Naturally, the first panel revolved around food waste prevention. This is a key tenet of the zero food waste movement that involves getting to the sources of food waste in order to lessen the need for food recovery and post-consumer reclamation (like composting). The panel, moderated by Jordan, was comprised of Austin Resource Recovery’s Woody Raine, sustainability consultant Tom Wright (who works with Whole Foods), the Zero Waste Network’s Thomas Vinson, LeanPath president and CEO Andrew Shakman, and our friend Joshua Blaine, who is the manager over at in.gredients. Each speaker brought a unique perspective, as well as solutions that ranged from technological (the incredible waste tracking systems being built by LeanPath) to behavioral (when in.gredients stocks only local and seasonal produce, customers modify their buying habits in order to adapt to what’s available). Most of the speakers focused on eliminating food waste at its main source- in restaurants and grocery stores. According to Andrew Shakman of LeanPath, between 4 and 10% of food in the service industry is thrown into the garbage before it reaches the plate. And by tracking what they throw away, food service businesses can reduce pre-consumer waste by about 50%- and yes, save money too. Preventing food waste, both pre- and post-consumer, requires a whole lot of education- people have to understand that food is a valuable commodity that is not only wasted, but is also harmful to the Earth when thrown into a landfill- but isn’t impossible. With a waste diversion rate of over 99%, in.gredients is an amazing example of a true zero waste food business. Each panelist in the Food Prevention section spoke with a hopeful tone and had plenty of success stories to share- Whole Foods, for example, has educated thousands of team members about waste diversion and is now a well-oiled machine for food waste prevention and recovery.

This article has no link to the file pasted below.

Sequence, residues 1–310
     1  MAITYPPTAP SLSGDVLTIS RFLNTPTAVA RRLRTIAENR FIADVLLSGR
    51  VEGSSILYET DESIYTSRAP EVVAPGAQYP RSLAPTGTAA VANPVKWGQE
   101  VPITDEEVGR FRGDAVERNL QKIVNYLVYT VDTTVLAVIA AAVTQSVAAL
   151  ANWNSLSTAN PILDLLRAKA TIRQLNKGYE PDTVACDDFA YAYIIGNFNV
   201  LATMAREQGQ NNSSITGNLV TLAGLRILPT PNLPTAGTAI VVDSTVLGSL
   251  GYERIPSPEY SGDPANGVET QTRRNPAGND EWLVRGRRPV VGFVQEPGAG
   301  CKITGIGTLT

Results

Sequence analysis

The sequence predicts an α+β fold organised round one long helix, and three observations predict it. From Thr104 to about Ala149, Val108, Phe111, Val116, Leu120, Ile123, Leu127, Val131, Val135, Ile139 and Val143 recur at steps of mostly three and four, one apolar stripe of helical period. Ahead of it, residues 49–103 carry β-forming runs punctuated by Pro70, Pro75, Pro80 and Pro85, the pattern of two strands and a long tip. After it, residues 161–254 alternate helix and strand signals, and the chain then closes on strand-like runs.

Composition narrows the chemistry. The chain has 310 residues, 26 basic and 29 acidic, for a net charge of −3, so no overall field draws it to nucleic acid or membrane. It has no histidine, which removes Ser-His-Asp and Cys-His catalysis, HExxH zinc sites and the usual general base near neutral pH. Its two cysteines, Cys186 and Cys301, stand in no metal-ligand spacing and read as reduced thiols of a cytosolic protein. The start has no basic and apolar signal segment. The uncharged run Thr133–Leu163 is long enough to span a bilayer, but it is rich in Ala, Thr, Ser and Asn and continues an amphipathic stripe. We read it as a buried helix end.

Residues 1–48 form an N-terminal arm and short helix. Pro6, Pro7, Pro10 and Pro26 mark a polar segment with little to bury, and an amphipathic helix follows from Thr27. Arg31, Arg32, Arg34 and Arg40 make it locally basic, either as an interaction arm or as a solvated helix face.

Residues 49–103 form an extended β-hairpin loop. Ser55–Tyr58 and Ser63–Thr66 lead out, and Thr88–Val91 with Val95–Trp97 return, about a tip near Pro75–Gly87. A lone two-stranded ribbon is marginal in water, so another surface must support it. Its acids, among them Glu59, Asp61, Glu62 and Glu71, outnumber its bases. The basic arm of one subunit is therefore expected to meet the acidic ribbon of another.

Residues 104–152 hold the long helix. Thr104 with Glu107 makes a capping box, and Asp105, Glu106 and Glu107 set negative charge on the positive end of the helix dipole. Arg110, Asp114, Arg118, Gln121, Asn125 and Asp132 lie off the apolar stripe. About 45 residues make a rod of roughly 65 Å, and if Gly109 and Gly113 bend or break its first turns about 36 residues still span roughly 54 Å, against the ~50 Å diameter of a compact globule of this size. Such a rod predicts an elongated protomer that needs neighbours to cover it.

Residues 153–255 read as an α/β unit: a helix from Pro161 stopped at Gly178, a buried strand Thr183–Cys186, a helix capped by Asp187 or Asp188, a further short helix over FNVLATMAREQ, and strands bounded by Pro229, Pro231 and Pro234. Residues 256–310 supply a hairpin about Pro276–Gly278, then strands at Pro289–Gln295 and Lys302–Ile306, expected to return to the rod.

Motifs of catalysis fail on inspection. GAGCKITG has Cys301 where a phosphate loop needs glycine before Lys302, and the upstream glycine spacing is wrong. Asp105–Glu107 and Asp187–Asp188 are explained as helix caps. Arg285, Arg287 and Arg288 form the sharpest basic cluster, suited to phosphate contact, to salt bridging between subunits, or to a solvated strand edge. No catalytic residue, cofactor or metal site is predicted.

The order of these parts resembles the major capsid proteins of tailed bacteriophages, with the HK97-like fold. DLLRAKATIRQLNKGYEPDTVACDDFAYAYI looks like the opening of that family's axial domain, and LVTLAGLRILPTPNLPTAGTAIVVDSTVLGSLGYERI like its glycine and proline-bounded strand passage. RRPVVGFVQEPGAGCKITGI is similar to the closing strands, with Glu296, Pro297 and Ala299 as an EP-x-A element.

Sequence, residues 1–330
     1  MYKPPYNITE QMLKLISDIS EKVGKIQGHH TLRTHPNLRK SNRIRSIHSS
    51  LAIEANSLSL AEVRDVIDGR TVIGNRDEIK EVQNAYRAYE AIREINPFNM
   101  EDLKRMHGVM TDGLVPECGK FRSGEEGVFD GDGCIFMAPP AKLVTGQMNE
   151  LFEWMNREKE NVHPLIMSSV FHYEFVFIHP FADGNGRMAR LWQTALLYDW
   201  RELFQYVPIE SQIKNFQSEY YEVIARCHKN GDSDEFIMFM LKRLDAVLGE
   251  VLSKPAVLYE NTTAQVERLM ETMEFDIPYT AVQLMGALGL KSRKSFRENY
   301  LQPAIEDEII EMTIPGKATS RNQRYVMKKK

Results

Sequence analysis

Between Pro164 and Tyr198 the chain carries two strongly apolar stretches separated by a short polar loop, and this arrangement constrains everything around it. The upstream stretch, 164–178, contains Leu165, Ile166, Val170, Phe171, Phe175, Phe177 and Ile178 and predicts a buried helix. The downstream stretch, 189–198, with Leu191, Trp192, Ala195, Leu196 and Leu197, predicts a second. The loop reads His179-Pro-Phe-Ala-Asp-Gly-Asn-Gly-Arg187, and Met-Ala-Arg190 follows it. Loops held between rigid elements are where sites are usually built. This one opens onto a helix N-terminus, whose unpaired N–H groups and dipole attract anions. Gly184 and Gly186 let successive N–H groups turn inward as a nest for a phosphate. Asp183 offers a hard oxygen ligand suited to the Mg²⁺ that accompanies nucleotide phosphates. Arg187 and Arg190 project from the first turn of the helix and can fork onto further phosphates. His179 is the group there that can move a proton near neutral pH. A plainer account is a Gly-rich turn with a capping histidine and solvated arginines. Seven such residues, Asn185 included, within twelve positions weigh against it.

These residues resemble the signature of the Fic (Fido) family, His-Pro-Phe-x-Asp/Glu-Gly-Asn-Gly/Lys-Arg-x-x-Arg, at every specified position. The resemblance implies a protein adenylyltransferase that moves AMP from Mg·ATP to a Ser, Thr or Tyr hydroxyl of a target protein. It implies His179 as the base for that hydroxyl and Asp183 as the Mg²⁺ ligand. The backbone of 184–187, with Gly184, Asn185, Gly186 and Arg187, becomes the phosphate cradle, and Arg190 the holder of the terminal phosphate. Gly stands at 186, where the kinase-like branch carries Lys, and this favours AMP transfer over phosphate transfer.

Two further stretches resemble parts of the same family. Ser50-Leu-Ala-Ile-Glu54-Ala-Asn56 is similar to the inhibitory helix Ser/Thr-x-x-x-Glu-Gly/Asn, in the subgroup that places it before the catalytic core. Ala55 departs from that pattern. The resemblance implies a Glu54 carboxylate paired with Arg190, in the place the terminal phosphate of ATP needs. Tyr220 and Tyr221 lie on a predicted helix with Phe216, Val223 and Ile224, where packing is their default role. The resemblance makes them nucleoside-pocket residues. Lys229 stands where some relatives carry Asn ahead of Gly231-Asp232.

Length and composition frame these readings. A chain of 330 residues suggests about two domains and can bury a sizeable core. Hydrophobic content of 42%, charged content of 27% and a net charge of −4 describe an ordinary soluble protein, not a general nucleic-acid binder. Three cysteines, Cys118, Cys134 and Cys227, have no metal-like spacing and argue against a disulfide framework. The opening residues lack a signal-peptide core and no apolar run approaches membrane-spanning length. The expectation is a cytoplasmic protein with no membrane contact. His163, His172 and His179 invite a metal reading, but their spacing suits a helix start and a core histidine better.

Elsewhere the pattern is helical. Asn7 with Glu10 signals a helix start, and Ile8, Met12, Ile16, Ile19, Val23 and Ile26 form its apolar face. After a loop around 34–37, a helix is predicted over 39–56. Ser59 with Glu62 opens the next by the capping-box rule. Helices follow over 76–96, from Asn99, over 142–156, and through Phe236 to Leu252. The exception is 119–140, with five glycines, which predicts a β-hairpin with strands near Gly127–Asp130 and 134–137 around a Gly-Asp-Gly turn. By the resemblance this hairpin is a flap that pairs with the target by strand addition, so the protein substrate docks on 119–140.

After source reduction (preventing food from being wasted in the first place by shopping smarter), feeding hungry people is the next most-preferred strategy in the EPA’s Food Recovery Hierarchy. The day’s second panel, on Food Recovery, focused on ways to get good food that may otherwise be wasted on to the plates of hungry people safely and legally. The panel, which was moderated by Brandi Clark Burton from the City of Austin, opened with a presentation from Nicole Civita, who is the director of the Food Recovery Project at the University of Arkansas School of Law. Three major obstacles for those looking to divert food waste by donating it to the hungry are perceived illegality (as there are laws governing food donations), a resistance to putting in extra effort, and the risk of legal trouble or reputation should someone become ill from donated food. But according to Nicole, the laws regarding food donations- although they differ from state to state- are actually pretty accommodating and protect most food donors from liability if they’re following the right procedures (you can see the rest of her presentation on food recovery and the law here). Vince Delisi from Travis County Health & Human Services gave a complementary talk about the importance of food safety when deciding what to donate and getting food from its sources to the people who need it. So when a grocery store has determined that a batch of produce isn’t fit for sale, but is legal to donate and still safe to eat, where does that produce go? Here in Austin, the Capital Area Food Bank serves as a hub for food recovery, as well as nutrition education and connecting diverse communities across Central Texas. According to Bethany Carney, the Food Bank’s food sourcing supervisor, the Capital Area Food Bank works with 300 partner agencies in 21 counties and recovered 16 million pounds of food in 2014 alone! Bethany emphasized the fact that the food bank sees food recovery as an integral part of its mission and will likely source about half of its donations from recovered food within the next couple of years. Russell Cavin, volunteer and director of special events for Keep Austin Fed echoed that point as he stressed the importance of reducing waste and engaging with businesses and other community members while simultaneously providing food to hungry folks. Environmental engineer Stephen Sturdivant wrapped up the panel with an overview of the U.S. Environmental Protection Agency’s initiatives and resources regarding food recovery in addition to food prevention (and even composting!). His advice? If you want to see your local businesses taking steps to end food waste, tell them! There are plenty of resources out there for embracing the principles of zero waste in the foodservice industry, but it’ll take a little effort from consumers to nudge their favorite businesses in the right direction.